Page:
Keeping your network secure involves a number of day-to-day tasks. One of the most important is keeping tabs on your systems' logs. Quick retrieval and interpretation of log data during a security event or other alarm is crucial. And quality security software and hardware almost always generate events or logs that document use (or attempted misuse) of various programs, services, and systems, making log analysis a vital skill.
Windows system logging uses the Event Viewer, but many other built-in Windows programs, such as Microsoft IIS and Internet Authentication Service (IAS), log to text files. A number of programs let you stream Windows logs into a text file (in case you've fallen in love with text-based log management), and let's not forget syslog, which lets you aggregate remote systems' logs to a common syslog server that stores those logs as text files. Two venerable log-analysis tools--grep and tail--can be key additions to any security toolkit. The simplicity of these command-line utilities belies their extreme usefulness, flexibility, and power. Both tools are widely used by UNIX administrators, but you don't need to be a UNIX guru to immediately take advantage of either tool in a Windows environment. Grep and tail are available on most UNIX systems, and you can download GNU-licensed Win32 versions from the Sourceforge Web site (http://unxutils.sourceforge.net). Download the UnxUpdates.zip file, which contains several useful UNIX tools for Win32, then extract grep.exe and tail.exe to your computer.
Next month, I'll discuss the tail utility, but let's begin with grep. You can use grep to compare each line of a text file against a pattern-matching expression and to take action, such as displaying a line, based on a successful match. By using grep with discrete pattern matching, you'll be able to target in on the data that interests you, regardless of the size of the source text file.
Using Grep with Regular Expressions
As an example of how to use grep, let me show you how you can use the tool to find out whether a specific IP address has accessed an IIS server. IIS writes log data to multiple text files (the default is one file per day) in the %windir%\system32\logfiles\W3SVC1 directory. Suppose you want to find all the connections to the IIS server from a computer that has the IP address 192.168.0.100. Copy grep to the IIS server, open a command line, and type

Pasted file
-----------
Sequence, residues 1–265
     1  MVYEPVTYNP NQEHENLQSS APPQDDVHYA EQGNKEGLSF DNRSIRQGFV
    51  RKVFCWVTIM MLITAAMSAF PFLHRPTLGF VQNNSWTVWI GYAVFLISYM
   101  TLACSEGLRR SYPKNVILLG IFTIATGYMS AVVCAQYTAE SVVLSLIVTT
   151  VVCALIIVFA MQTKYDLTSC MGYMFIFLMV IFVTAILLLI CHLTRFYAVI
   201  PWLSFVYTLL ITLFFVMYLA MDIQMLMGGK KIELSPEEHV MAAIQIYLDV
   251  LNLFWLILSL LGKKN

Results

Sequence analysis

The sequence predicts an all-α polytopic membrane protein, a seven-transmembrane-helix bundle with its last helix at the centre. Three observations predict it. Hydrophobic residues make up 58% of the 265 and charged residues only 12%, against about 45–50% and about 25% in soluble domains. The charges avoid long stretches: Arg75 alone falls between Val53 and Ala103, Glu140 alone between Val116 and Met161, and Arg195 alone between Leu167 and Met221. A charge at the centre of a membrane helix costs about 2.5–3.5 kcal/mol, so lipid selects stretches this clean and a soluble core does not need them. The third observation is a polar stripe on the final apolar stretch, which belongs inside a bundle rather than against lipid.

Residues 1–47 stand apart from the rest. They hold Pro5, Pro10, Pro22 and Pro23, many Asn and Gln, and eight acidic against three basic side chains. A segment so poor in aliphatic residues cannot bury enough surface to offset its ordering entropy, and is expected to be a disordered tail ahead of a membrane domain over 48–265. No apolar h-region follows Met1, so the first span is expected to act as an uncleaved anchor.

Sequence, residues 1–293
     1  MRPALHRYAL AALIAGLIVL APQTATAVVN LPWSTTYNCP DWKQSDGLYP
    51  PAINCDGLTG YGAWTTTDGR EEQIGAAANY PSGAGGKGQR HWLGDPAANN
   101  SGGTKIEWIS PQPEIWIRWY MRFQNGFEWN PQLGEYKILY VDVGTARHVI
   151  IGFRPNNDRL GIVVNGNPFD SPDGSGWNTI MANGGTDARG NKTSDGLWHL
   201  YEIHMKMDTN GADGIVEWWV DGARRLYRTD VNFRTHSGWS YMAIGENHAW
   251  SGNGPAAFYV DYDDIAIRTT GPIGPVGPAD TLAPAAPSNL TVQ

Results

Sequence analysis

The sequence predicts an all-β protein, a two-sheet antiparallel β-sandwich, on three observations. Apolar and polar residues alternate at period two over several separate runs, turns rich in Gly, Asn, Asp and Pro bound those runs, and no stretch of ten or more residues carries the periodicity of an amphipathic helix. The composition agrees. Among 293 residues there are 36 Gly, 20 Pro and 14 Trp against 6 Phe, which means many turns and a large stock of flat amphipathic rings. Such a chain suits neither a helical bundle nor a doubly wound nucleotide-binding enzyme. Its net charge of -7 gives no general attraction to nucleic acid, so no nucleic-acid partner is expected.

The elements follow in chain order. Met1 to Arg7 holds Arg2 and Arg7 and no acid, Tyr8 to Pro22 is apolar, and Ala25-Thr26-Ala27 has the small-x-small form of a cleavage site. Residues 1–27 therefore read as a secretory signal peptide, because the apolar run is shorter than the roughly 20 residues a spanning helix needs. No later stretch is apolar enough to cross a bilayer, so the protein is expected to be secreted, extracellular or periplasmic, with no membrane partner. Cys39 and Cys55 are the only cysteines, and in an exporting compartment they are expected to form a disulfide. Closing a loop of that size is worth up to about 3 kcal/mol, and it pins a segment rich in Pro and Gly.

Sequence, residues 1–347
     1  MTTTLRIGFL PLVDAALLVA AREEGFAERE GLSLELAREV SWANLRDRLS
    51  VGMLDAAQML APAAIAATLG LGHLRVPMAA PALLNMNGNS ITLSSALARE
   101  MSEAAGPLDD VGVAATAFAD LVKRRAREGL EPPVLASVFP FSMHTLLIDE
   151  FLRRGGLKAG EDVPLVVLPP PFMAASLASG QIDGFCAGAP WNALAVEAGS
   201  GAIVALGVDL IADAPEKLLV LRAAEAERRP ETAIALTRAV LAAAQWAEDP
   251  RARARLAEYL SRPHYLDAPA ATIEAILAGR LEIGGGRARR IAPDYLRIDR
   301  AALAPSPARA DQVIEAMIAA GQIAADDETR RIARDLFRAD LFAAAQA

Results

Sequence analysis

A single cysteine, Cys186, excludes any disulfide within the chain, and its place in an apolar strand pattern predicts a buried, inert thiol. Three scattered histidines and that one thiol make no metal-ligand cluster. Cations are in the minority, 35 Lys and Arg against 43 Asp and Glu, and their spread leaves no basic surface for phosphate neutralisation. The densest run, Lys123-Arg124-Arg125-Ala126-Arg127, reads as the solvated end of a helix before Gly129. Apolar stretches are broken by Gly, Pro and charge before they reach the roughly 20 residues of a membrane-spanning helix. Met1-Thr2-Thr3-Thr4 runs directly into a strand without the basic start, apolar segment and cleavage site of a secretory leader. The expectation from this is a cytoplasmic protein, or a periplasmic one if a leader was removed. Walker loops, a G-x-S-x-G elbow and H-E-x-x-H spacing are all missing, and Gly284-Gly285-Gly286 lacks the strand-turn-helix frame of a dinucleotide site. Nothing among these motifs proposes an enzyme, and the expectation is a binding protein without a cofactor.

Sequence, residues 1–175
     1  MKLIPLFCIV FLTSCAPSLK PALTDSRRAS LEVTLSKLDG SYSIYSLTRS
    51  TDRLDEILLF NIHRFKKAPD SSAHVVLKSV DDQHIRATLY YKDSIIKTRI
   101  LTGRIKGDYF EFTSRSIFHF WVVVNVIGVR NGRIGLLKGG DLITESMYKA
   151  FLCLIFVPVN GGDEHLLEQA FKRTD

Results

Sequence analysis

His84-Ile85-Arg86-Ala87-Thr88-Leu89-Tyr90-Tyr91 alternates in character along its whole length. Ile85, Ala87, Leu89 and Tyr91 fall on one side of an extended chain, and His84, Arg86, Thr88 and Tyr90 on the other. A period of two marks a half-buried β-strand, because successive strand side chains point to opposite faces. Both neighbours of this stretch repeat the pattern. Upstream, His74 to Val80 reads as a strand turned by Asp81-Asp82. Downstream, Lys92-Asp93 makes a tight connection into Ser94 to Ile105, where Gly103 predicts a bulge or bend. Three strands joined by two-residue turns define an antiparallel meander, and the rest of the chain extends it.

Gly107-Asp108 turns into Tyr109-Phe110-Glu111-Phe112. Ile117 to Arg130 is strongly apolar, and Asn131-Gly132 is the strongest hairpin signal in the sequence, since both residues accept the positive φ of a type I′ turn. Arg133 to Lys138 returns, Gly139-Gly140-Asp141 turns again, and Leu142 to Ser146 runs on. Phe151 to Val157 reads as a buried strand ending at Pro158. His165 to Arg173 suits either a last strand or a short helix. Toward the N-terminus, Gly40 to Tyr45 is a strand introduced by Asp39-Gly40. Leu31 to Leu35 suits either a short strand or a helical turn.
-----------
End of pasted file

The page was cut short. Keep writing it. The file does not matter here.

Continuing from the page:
grep "192.168.0.100" *.log
This command searches through all text files that have the .log extension. If grep finds text matching the specified pattern (i.e., 192.168.0.100) in any of those files, it displays that line of text.
One of grep's most powerful features is its support of regular expressions, an extremely flexible syntax based on metadata and constructed to match specific patterns of text. For example, if you want to parse your IIS log files to look for directory-traversal attempts, which IIS denotes in its logs as ../ or ..\, run grep with the following syntax:
grep \.\.\[/\\\] *.log
This example shows how to construct a pattern that uses metacharacters as forced literals. Typically, a regular expression pattern uses the period (.) to represent any character; for example, the regular expression
would match hot, hat, or hit. To find a literal period, as in our example, you need to escape the character by using the backslash metacharacter (\):
To find a double period (..), you need to use the pattern
To find a forward slash (/) or backslash, you need to use square brackets (\[ \]), which tell grep to look for any of the characters within the brackets, similar to using an or clause. For example, the pattern
would match hot or hat but not hit. Furthermore, because the backslash is a metacharacter, you need to escape it as you did the periods:
Therefore, the regular expression needed to find ../ or ..\ would be
Beyond using grep to search text files, you can use it to redirect the output of another command-line program into grep. For example, the command
dir | grep DLL
displays a list of all the DLL files in a directory, as Figure 1 shows. Note, however, that Grep is quite literal in its patterns, and the previous command tells the tool to look only for the uppercase pattern. To find all DLL files (both .DLL and .dll), you need to use grep's ignore case (-i) parameter.
Let's take a look at another example:
dir C: /s | grep DLL -i -c
This command will return the number of DLLs on the local system. First, the command runs the Dir command, starting at the root of the C drive and using the include subdirectories (/s) parameter to search the entire local system. The command then pipes the output into the grep command, using the simple pattern DLL and using the -i parameter to find DLLs regardless of whether the files' extensions are uppercase or lowercase. The command then uses grep's -c parameter to count the number of matching lines.
Most UNIX systems (and the Win32 GNU) have their own, slightly different versions of grep, so I suggest you check out the command syntax for the version you end up using. To do so, issue one of these commands:
man grep grep -? grep /? grep --help
Next month, I'll tell you about tail, which displays the last few lines of a text file and can keep you informed of any new entries in a log file.